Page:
Read the full statement made by Richard C. Levin at the 175th session of UNESCO's Executive Board.
Levin, the President of Yale University, gave his talk on Wednesday, October 4, during the thematic debate titled:“In the age of globalization, UNESCO as a specialized agency of the reforming UN system : challenges, roles and functions at global, regional and country levels”.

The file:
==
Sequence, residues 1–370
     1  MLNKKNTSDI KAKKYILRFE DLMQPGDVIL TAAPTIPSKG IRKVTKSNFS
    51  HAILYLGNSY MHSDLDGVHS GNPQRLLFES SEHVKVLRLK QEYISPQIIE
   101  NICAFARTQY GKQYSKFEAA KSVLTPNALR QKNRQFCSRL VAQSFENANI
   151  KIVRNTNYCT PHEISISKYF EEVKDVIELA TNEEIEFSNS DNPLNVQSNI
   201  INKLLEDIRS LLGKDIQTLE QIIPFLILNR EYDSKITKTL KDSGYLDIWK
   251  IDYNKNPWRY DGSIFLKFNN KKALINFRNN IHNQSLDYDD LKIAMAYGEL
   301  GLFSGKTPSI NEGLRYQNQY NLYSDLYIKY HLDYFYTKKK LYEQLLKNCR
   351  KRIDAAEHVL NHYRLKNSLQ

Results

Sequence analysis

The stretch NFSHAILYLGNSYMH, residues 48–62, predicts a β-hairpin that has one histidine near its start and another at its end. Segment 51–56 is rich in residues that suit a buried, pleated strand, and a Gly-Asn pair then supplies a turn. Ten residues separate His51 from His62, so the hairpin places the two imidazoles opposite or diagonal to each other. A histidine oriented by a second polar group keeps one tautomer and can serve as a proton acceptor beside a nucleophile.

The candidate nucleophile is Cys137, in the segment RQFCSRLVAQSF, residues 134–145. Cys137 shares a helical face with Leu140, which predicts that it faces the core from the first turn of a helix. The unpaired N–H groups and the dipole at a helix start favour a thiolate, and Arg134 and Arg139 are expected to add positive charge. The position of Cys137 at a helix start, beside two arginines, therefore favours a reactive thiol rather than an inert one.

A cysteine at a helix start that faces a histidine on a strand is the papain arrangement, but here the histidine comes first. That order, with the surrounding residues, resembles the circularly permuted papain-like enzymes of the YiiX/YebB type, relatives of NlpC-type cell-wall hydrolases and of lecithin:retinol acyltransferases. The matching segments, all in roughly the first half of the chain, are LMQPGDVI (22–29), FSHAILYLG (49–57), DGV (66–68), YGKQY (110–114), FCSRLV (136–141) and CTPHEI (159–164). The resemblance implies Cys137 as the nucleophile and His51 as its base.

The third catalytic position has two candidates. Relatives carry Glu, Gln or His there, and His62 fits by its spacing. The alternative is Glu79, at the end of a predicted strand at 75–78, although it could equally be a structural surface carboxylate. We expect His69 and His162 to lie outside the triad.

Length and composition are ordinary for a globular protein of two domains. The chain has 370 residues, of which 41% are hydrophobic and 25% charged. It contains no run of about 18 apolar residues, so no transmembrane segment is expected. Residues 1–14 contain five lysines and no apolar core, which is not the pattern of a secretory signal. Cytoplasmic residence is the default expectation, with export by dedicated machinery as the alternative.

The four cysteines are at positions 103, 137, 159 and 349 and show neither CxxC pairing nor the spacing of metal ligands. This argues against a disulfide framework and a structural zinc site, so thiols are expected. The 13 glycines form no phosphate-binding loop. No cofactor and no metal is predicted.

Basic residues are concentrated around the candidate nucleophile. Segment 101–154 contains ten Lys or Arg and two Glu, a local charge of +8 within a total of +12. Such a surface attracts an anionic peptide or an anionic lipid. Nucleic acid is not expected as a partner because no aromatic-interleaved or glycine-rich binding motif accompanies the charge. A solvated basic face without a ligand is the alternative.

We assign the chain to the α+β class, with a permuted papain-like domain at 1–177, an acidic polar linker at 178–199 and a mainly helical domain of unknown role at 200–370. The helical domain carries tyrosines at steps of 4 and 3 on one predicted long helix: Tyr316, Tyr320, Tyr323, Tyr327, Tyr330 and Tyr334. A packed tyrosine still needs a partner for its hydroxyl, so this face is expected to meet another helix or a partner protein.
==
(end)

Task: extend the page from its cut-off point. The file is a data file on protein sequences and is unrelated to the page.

It seems clear that UNESCO should do whatever it can to encourage these growing tendencies toward making instructional materials and scholarly publications freely available on-line. These trends could have a major positive impact on the quality of tertiary education in developing countries. In some cases achieving wider access may require the modification of existing copyright law, but in many cases the need to change the law may be avoided by encouraging scholars and publishers to use more creative forms of licensing, which allow royalty-free re-use and distribution for non-commercial and educational purposes. UNESCO could be very helpful in disseminating information to its member nations about the availability of free on-line resources, and it could help to educate scholars and publishers about the new forms of licensing that are emerging to facilitate access.